The expected yawn turned out to be more like a mixed martial arts iron cage free-for-all as the five presidential wannabes took to the stage for the first Democratic presidential debate.
Right from the start Lincoln Chafee came out swinging with a sly insinuation about front runner Hillary Clinton noting that he had been around in politics for over 30 years without any hint or accusation of scandal.
From there the fists and the kicks kept coming.
Most of the punches thrown were at Clinton, who kept trying to deflect by swinging at her long-time foil, the Republican Party.
All five, Clinton, Bernie Sanders, Martin O’Malley, Webb and Lincoln Chafee all acquitted themselves well.
The weakest of the lot, to me, was Chafee. He also, I believe, had the least amount of speaking time. But when he spoke, he did not inspire any desire to follow him down the yellow brick road.
Clinton time and again seemed to base her right to be the next president because she is a woman. In fact that was what she noted would make sure if she won it would not be a third term for President Barack Obama.
Sanders was Sanders, He came across knowledgeable of the issues and attempted to lessen people’s concern about him being a democratic socialist. Sanders even came to the aid of Clinton saying that the American people are tired of hearing about the email server which has the Federal Bureau of Investigation investigating her and the use of the private server.
O’Malley tried, but failed in my opinion, to jump the questions raised about his term as mayor of Baltimore. He did his best to justify his policy of no-tolerance on criminals and jailing 100,000 people in one year. O’Malley denied his policies were to blame for the riots and unrest that erupted following the death of Freddie Gray.
To me, Webb was the most centrist and moderate of those on the stage. He seemed to have a better grip on foreign policy and the dangers America is facing around the world. However, Webb seemed out of step with the Democrats in the hall and the other candidates on the stage.
Except for Webb, there seemed to be a jockeying going on to see who could be the most liberal and the farthest to the left.
Personally, I was more enamored with Webb’s responses.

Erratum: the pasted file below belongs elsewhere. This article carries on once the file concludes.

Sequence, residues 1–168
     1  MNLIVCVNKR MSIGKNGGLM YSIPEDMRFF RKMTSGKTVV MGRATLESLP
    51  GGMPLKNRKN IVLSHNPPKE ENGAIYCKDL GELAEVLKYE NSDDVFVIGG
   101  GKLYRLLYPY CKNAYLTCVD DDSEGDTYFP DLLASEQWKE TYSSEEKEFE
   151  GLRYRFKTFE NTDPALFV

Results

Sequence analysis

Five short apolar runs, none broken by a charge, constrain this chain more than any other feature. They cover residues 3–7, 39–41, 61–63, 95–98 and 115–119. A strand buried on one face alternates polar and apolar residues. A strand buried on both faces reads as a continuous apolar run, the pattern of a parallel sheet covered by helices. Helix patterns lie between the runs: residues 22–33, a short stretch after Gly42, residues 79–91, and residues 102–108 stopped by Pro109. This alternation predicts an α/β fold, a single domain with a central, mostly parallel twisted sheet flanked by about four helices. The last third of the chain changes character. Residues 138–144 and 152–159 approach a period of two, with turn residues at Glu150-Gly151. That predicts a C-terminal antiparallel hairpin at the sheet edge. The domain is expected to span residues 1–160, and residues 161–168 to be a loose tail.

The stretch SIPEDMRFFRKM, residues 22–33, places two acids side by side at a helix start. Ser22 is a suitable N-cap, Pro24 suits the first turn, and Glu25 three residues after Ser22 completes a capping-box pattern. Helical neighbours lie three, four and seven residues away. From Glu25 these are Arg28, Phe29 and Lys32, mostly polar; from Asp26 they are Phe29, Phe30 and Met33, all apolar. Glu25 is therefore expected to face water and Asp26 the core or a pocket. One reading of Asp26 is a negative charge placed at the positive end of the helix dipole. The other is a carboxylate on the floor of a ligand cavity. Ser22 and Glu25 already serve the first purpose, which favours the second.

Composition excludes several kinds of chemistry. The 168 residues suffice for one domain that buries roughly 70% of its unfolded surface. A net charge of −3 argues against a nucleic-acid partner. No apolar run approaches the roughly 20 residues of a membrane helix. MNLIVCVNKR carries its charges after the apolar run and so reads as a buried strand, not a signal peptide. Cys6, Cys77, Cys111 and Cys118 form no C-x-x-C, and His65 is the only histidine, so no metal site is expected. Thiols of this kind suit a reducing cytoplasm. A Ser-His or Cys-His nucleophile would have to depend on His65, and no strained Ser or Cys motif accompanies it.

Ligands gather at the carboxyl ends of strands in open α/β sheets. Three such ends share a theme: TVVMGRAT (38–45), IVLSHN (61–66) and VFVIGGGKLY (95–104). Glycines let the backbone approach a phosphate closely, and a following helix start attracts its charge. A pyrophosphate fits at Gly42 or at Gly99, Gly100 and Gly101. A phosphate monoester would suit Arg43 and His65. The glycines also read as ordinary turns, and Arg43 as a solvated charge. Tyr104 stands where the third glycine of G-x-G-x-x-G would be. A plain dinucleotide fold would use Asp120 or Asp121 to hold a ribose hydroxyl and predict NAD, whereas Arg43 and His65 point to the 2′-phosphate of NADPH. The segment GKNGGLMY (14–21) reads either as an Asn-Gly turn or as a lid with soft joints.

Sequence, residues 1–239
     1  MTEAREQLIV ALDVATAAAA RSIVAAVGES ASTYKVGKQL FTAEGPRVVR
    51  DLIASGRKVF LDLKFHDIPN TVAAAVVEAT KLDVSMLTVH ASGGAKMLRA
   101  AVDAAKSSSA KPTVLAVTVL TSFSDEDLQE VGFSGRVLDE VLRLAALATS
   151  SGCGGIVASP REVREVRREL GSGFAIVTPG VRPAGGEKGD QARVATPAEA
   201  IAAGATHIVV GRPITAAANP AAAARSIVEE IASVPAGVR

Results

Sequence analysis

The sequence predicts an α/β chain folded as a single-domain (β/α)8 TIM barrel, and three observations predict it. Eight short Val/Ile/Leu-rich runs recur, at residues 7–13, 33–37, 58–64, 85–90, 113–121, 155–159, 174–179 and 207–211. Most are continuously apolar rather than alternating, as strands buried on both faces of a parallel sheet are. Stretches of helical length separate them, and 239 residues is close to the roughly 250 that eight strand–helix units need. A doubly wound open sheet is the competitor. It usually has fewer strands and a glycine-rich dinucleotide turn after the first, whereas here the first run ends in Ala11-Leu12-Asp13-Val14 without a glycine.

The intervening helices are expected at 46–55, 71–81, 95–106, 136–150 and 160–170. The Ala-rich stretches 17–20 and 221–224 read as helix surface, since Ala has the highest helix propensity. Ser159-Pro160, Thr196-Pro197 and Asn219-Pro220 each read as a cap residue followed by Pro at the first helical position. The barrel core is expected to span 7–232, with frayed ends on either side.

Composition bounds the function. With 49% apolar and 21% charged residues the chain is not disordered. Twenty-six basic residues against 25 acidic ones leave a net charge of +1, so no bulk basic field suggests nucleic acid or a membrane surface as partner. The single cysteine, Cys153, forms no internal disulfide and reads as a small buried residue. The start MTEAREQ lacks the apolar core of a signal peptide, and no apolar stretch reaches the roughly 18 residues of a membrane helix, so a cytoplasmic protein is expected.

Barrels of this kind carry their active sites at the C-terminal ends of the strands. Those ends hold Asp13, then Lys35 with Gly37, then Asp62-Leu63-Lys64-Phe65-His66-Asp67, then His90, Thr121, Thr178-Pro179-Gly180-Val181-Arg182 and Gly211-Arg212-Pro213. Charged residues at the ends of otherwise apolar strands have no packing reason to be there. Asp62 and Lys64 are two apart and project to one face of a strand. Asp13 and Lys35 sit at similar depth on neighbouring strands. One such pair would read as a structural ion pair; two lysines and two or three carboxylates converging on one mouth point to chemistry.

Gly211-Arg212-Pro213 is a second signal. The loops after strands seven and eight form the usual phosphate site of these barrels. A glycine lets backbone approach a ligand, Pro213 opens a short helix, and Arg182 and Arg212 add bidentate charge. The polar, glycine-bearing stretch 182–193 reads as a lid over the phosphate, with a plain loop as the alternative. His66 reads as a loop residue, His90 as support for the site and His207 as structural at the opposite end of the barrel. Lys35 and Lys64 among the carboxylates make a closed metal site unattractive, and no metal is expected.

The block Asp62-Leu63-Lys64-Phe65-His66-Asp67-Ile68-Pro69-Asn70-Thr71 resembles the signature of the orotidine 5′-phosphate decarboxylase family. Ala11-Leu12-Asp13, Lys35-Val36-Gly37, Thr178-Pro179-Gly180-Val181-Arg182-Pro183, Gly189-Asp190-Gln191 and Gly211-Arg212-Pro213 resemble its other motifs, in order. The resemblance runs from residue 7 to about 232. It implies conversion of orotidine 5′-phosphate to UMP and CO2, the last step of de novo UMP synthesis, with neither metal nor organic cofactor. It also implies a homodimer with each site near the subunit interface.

But for the room, I would say a toss-up between Sanders and O’Malley. Yet for the pundits and media, Hillary is still the darling.
The clear loser was Chafee. Do not expect him to be around for the next debate November 4 in Des Moines, Iowa.
Due to his more moderate positions, Webb may not be there as well. He is not where the Democratic Party is at now.
The differences between the candidates, except Webb, were paper thin.
Except that both Sanders and especially O’Malley are very much for a return to the Glass-Steagall Act which would separate commercial banks from the more free-willing, more risky investment banking. Clinton, on the other hand, is not for a return to the bill that was rescinded and allowed to expire in 1999.
The biggest refrain at the debate was on income inequality. Over and over the wannabes talked of taxing the rich more and spreading the wealth around through profit sharing, higher wages with a minimum of $15 per hour, free college, lower student loan debt.
Neither Sanders nor O’Malley wanted to repeat the mistakes on the campaign trail when asked if black lives matter or do all lives matter. Both focused on the lives of blacks and ignored the last part of the question. If you recall O’Malley had to apologize for saying all lives matter earlier this year.
But don’t think because Sanders was nice enough to say no one wanted to hear any more about Clinton’s email scandal, the gloves were off. Several times punches landed on Clinton, who smiled, ignored and shook it off as if saying, “You can’t touch this.”
From the Cornfield, while I did not hear much I can agree with on the way the Democratic candidates want to take the country, the discussion was lively and informative.
Of the five, I could vote for Webb, but he will never make it to the convention and maybe not even to Iowa or New Hampshire.
Clinton in her responses actually answered the question posed by moderator Anderson Cooper, which she deftly batted away, on whether she changed her responses and stands on issues for political expediency.
The revelation – yes, she does.
What I will say about Sanders is you know what you are getting and where you stand with him. That is a plus.